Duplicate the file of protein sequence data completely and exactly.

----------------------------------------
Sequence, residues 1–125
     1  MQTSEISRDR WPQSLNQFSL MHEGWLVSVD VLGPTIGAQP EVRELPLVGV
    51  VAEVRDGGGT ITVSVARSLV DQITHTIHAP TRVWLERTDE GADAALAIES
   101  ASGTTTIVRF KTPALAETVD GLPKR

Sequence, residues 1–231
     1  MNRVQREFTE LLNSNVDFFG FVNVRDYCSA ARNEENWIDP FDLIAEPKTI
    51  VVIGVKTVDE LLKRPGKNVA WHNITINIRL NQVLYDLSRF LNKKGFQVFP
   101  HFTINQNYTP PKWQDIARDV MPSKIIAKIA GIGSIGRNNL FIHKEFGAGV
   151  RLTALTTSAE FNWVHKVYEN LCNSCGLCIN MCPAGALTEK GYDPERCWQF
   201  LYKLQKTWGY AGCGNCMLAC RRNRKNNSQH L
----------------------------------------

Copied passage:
Sequence, residues 1–125
     1  MQTSEISRDR WPQSLNQFSL MHEGWLVSVD VLGPTIGAQP EVRELPLVGV
    51  VAEVRDGGGT ITVSVARSLV DQITHTIHAP TRVWLERTDE GADAALAIES
   101  ASGTTTIVRF KTPALAETVD GLPKR

Sequence, residues 1–231
     1  MNRVQREFTE LLNSNVDFFG FVNVRDYCSA ARNEENWIDP FDLIAEPKTI
    51  VVIGVKTVDE LLKRPGKNVA WHNITINIRL NQVLYDLSRF LNKKGFQVFP
   101  HFTINQNYTP PKWQDIARDV MPSKIIAKIA GIGSIGRNNL FIHKEFGAGV
   151  RLTALTTSAE FNWVHKVYEN LCNSCGLCIN MCPAGALTEK GYDPERCWQF
   201  LYKLQKTWGY AGCGNCMLAC RRNRKNNSQH L